The responsibility of arranging outside care for an elderly parent or disabled loved one may fall to you someday. It’s not an easy task, but careful planning and consultations with specialists can ease the situation.

The first step is to answer three basic questions:

  1. What level of care does your relative need — skilled, intermediate or basic?
  2. Does the person live alone, with family members, or in a nursing facility?
  3. What kind of care can the relative afford?

To come up with the answers, consult with the following people:

Family members can ease the burden of making choices and help determine the patient’s emotional, as well as physical, needs. Can responsibilities be shared so that one person doesn’t “burn out” shouldering most of the burden?

Physicians and social workers know how much care is needed. They can also help evaluate the care options.

Elder care accountants can assist in estate planning and provide an analysis of the person’s health insurance coverage and financial situation. It’s important to understand the patient’s rights and responsibilities concerning the filing of insurance claims.

There are many day-to-day tasks involved in the care of an elderly parent, including scheduling and payment of health care and domestic care workers, arranging doctors visits, buying and giving medications, overseeing the patient’s general maintenance and arranging meal services if necessary.

In-Home Care

If you need in-home care, you must determine whether to hire a Registered Nurse, a Certified Nursing Assistant, a nursing aide, or a companion. This is often a judgment call based on the physical and emotional needs of the patient.

When choosing a health aide, agency or domestic worker service, check reputations and current references. Don’t forget to ask agencies how they deal with taxes. Some firms consider their workers to be self-employed independent contractors who handle their own tax responsibilities. Others treat them like ordinary employees and take out withholding taxes.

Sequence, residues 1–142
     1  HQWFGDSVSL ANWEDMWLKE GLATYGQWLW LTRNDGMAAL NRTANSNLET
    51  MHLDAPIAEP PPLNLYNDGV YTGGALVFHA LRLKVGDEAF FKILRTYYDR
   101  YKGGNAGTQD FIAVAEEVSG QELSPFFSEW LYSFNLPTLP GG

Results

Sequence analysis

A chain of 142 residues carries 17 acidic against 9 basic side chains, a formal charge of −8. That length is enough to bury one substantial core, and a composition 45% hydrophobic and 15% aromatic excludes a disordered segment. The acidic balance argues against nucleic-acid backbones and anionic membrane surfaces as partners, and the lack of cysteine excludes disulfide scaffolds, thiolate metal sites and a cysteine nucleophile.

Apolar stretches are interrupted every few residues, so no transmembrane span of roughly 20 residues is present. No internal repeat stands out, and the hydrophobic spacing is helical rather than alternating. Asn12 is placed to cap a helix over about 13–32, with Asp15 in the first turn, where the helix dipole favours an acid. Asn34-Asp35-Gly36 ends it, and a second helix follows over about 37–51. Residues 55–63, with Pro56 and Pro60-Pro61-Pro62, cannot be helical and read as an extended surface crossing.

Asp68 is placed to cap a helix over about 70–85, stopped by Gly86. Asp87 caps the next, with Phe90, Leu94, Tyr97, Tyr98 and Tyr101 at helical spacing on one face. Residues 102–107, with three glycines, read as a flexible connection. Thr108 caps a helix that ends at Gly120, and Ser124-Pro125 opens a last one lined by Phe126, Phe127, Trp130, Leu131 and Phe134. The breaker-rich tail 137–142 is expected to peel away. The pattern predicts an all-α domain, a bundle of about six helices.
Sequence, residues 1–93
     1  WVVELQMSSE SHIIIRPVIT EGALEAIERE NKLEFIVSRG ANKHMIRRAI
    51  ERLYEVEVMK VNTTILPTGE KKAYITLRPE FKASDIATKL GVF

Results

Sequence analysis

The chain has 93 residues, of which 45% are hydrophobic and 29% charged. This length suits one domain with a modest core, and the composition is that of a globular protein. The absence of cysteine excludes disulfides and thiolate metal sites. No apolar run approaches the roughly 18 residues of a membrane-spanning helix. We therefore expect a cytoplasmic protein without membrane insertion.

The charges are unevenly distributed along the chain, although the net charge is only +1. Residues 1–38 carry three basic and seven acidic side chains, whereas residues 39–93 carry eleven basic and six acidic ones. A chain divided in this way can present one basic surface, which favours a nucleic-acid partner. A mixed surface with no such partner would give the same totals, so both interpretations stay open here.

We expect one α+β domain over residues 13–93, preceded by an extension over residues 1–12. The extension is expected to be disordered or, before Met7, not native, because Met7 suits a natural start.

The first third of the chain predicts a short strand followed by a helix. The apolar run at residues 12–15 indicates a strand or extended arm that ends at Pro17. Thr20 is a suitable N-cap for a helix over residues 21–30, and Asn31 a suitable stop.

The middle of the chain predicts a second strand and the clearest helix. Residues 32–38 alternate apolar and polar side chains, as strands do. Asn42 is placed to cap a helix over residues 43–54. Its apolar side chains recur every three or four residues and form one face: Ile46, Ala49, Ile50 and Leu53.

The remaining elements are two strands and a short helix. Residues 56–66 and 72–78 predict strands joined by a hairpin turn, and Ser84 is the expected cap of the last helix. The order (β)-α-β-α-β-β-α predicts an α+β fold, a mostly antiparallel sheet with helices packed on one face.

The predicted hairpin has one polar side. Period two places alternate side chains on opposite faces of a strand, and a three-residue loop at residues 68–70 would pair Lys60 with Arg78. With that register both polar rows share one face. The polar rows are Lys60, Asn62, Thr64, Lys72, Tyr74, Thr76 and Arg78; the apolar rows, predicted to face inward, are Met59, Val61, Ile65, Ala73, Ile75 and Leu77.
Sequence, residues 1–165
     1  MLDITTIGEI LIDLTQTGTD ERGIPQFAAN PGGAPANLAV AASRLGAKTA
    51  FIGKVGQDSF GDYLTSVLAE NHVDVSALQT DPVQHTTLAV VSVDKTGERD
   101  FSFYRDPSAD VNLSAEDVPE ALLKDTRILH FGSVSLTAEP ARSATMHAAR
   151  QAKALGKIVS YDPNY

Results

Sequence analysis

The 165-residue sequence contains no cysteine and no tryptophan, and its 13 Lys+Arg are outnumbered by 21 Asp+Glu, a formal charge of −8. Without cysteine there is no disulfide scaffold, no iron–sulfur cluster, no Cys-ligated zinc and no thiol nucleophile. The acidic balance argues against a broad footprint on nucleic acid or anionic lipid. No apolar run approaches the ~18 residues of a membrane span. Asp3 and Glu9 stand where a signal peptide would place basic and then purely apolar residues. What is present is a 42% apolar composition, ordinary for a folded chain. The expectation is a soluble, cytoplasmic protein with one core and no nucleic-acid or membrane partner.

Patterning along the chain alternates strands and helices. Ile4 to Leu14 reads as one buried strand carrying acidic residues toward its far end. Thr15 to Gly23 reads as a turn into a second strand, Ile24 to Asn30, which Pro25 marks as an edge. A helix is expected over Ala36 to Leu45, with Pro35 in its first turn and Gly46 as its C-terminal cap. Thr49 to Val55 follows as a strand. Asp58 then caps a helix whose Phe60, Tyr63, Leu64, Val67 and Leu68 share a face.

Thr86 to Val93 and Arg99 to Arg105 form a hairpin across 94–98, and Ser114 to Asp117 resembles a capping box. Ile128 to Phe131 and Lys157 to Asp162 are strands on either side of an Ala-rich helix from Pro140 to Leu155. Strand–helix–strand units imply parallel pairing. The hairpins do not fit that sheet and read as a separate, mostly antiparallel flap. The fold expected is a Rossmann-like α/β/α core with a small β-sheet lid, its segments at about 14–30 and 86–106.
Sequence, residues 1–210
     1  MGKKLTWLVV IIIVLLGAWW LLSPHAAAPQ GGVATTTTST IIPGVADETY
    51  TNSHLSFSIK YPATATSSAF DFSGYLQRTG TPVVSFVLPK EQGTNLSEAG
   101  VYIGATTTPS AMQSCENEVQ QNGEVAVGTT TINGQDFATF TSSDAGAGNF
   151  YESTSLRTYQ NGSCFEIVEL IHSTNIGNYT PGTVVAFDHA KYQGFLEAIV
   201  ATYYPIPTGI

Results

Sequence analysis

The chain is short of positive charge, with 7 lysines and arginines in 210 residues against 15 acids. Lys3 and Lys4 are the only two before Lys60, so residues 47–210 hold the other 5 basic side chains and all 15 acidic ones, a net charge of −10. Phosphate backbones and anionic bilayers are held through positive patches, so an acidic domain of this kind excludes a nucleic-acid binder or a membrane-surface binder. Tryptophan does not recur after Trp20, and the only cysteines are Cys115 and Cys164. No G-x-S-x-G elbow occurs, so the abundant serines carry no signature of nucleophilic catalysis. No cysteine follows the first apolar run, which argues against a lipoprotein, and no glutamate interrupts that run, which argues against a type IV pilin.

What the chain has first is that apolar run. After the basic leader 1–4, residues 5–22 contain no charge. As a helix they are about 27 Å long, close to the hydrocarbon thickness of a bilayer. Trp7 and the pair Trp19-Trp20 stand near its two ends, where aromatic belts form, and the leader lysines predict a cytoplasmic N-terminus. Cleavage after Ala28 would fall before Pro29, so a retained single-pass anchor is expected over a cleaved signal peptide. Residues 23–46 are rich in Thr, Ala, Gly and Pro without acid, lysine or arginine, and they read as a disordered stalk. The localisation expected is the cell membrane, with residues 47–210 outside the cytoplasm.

Suitcase Caregiving

It used to be that kids grew up and continued to live in the same town as their parents and grandparents. Today, it’s not uncommon to find different generations living on opposite sides of the country.

Suitcase caregiving can be a daunting challenge. One option is to move your parent closer, but if that’s impossible, here are a few suggestions on how to cope from a distance: 

  • Keep a resource guide handy for the community where your parent lives.
  • Establish a contact person where your parent lives. Communicate regularly with the person to get a true picture. If your parent lives in a facility, a social worker is a good source. Ask what material items your parent needs and how they seem mentally, as well as physically.
  • If your parent still lives independently, the need for assistance will increase as time goes on. Put together a plan to provide housekeeping, meals, and an emergency alert system that connects to a health facility or police department. Consider working with a local professional who can develop a care plan. The Internet makes it easy to shop for groceries and other necessities that can be delivered.
  • Keep your cell phone with you in case someone needs to call.